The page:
VAWA Renewal Could Spell Change

Kerry M. Flynn

To some, the “preponderance of the evidence” standard is “crucial to the fair and equal treatment of women.” To others, it is a “fatally flawed” path to “injustice” that erodes the rights of students.

In recent months, an expired piece of legislation has placed a few words of legal jargon, tucked away in the disciplinary codes of colleges and universities all over the country, at the forefront of a polarizing national debate. The argument centers around a charged question: how much evidence should an institution of higher education require to find an accused student guilty of sexual misconduct?

The preponderance of the evidence standard might not mean much to the average American, but to many of the activists watching Congress debate the reauthorization of the Violence Against Women Act, it is a pivot point for the future of America’s universities. Those four words have been caught in the middle of a months-long battle to renew the legislation, which contains new provisions that explicitly regulate the sexual assault investigations conducted by institutions of higher education.

An early draft of VAWA contained language which would have mandated colleges and universities to adopt the standard, which would make it easier to discipline students accused of sexual misconduct. But last week, the U.S. Senate approved a version of VAWA that dropped the clause entirely. The Senate’s bill must still be reconciled with a rival version in the House of Representatives before it can be signed into law by President Barack Obama.

For schools like Harvard, which do not use the preponderance of the evidence standard, the Senate’s bill offers a momentary reprieve from external pressure to adopt a lower burden of proof. But even though it does not legally require Harvard to alter its standard of evidence, the bill still leaves the door open for federally mandated changes in the way the Administrative Board handles cases of sexual assault.



Drafted in 1994 by then-senator Joe Biden, VAWA allocated federal funds to help streamline the investigation and prosecution of violent crimes against both men and women.

The act was reauthorized in 2000 and 2005 with bipartisan support, but hit a snag when it was considered for renewal in 2012. House Republicans objected to new provisions that extended parts of the legislation to Indian reservations and undocumented immigrants. Ultimately, differences between the versions of the bill drafted by the Democrat-controlled Senate and the Republican House prevented the legislation from being renewed before 2013.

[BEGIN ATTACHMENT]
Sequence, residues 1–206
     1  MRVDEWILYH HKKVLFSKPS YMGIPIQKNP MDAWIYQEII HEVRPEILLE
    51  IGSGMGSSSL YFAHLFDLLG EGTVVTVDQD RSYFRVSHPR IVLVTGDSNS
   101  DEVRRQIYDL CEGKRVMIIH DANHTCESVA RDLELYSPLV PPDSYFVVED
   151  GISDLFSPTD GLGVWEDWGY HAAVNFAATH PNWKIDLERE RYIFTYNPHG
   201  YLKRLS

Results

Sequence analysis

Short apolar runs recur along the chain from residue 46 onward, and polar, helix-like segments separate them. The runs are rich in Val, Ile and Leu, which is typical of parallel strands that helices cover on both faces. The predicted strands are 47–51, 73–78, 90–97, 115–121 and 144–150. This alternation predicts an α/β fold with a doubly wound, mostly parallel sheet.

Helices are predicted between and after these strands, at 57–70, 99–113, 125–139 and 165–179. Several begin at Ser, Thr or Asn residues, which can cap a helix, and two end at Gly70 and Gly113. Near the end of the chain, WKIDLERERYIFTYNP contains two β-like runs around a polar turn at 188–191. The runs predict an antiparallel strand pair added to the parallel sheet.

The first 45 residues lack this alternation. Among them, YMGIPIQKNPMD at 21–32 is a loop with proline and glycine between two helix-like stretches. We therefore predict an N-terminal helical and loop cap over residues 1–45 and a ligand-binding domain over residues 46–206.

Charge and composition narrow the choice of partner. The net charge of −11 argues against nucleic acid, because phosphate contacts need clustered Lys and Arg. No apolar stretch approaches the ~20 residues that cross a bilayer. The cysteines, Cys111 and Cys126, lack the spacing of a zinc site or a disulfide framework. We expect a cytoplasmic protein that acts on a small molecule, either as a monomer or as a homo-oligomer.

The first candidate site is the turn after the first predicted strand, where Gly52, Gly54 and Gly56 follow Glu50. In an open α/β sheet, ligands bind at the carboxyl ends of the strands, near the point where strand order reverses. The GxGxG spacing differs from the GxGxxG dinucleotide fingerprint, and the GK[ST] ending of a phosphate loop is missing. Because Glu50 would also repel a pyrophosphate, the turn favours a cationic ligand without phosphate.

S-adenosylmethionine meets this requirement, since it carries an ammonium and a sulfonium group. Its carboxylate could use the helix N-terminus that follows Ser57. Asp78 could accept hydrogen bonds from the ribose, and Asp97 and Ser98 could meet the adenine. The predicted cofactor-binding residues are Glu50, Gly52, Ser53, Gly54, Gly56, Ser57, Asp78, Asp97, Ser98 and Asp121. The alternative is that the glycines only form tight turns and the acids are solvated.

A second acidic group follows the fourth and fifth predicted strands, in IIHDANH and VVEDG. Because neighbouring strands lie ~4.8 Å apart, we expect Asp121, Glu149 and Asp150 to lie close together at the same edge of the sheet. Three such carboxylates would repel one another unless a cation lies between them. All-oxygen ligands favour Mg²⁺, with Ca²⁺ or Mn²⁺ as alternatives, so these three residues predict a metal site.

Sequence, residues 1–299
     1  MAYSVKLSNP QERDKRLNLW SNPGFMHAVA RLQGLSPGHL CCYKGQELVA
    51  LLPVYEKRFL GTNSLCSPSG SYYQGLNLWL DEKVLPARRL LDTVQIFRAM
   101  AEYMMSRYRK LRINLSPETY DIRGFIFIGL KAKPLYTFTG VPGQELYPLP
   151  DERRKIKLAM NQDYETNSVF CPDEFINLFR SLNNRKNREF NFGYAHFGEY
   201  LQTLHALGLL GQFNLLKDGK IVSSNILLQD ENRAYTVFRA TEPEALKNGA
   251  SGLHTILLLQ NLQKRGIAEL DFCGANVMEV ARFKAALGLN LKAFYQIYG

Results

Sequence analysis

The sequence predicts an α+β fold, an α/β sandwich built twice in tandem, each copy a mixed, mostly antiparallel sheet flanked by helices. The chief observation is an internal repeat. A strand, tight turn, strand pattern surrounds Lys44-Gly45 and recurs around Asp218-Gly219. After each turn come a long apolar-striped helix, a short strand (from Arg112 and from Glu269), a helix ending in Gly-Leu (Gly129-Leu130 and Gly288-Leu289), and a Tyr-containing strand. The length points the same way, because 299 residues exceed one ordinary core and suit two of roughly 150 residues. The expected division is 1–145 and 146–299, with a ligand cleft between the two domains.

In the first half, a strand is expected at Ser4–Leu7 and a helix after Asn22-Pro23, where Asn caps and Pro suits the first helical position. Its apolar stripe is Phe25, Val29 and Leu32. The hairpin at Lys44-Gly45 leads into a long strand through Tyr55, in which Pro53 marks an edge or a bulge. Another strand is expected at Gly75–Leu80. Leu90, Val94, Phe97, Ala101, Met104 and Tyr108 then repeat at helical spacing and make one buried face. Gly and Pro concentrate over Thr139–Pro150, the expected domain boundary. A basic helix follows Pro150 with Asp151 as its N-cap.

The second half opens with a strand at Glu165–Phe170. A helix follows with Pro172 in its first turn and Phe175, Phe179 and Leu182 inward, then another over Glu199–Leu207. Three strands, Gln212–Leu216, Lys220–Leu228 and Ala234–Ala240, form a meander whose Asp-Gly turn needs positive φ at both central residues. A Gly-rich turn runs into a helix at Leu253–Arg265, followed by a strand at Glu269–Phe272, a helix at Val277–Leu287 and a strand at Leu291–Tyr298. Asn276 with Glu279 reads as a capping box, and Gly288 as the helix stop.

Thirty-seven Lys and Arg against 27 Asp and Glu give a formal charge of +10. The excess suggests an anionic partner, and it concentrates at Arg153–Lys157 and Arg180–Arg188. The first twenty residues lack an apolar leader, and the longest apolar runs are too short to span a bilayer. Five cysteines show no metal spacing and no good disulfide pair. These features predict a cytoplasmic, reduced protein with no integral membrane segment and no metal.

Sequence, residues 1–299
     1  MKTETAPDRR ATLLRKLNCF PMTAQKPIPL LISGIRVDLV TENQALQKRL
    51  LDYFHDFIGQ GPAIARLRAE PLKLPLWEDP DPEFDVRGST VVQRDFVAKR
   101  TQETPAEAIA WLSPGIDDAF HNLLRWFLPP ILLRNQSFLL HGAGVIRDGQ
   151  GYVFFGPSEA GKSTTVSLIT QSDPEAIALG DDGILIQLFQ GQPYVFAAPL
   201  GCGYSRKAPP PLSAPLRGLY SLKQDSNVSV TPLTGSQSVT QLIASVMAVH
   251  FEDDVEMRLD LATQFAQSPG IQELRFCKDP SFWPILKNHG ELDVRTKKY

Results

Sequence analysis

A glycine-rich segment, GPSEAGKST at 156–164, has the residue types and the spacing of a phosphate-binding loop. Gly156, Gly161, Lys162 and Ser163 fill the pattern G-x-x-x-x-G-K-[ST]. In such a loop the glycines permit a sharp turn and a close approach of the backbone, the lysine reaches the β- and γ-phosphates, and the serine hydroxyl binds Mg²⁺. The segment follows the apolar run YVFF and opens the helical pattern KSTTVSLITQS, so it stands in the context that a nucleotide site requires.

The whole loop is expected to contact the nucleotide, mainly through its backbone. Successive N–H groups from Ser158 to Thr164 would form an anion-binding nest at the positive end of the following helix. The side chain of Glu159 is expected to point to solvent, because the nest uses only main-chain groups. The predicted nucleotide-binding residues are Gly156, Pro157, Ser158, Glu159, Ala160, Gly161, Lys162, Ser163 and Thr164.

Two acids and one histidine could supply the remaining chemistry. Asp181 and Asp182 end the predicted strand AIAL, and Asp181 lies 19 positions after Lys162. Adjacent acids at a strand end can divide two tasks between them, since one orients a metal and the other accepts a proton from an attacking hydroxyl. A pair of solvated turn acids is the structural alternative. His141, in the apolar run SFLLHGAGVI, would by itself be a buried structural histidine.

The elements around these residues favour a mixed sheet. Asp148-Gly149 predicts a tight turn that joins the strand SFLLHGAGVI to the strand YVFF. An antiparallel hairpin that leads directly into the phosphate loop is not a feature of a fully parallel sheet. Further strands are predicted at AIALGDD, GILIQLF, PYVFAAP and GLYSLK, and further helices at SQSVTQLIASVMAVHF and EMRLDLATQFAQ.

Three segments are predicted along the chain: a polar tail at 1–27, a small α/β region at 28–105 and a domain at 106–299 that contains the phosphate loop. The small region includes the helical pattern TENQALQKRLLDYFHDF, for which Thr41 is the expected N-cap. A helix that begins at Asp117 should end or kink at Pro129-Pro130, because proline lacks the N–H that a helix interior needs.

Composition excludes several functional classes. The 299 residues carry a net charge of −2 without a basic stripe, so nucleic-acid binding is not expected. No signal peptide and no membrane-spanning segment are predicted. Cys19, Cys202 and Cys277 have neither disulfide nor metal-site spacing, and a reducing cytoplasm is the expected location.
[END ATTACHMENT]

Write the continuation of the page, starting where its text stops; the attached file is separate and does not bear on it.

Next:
At the same time, a separate debate raged over new portions of the bill that concerned sexual assault on college campuses. An early draft of VAWA incorporated much of the language of the Campus SaVE Act, a bill that Pennsylvania Senator Bob Casey introduced in 2011 to reduce sexual violence on college campuses. Among other changes, the bill would have mandated that colleges and universities adopt the preponderance of the evidence metric when investigating sexual assault cases.

The standard, which is also the legal burden of proof used in U.S. civil courts, would require that a university’s disciplinary body be at least 51 percent convinced of a student’s guilt before meting out a punishment for a sexual offence. Compared to the “beyond a reasonable doubt” standard used in criminal courts that deal with sexual assault, a preponderance of the evidence rule requires less certainty.


Currently, Harvard has no standardized burden of proof for disciplinary proceedings across its various schools. The Law School uses the more stringent “clear and convincing evidence” standard—typically considered to require about 80 percent certainty of guilt—and the Faculty of Arts and Sciences mandates that the members of the Administrative Board be “sufficiently persuaded” of an accused student’s guilt before assigning a punishment.

While the Law School’s standard has been criticized for making it difficult for victims to attain justice, the Faculty of Arts and Sciences’ standard has come under fire for being too vague.

“I think it’s very unclear what ‘sufficiently persuaded’ means,” said Kristi L. Jobson ’06, a law clerk at the Massachusetts Appeals Court. “It could be lower than preponderance of evidence or higher than that. We just don’t know.”

In the Ivy League, only Harvard and Princeton do not use the preponderance of the evidence standard. Princeton employs a “clear and persuasive” standard.